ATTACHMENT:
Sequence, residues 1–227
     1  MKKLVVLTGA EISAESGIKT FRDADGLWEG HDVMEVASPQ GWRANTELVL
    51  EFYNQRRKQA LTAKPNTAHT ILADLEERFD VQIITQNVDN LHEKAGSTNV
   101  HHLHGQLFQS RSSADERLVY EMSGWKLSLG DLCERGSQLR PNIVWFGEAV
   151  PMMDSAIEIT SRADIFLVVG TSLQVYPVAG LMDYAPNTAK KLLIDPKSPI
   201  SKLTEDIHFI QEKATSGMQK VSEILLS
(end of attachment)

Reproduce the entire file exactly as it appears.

Sequence, residues 1–227
     1  MKKLVVLTGA EISAESGIKT FRDADGLWEG HDVMEVASPQ GWRANTELVL
    51  EFYNQRRKQA LTAKPNTAHT ILADLEERFD VQIITQNVDN LHEKAGSTNV
   101  HHLHGQLFQS RSSADERLVY EMSGWKLSLG DLCERGSQLR PNIVWFGEAV
   151  PMMDSAIEIT SRADIFLVVG TSLQVYPVAG LMDYAPNTAK KLLIDPKSPI
   201  SKLTEDIHFI QEKATSGMQK VSEILLS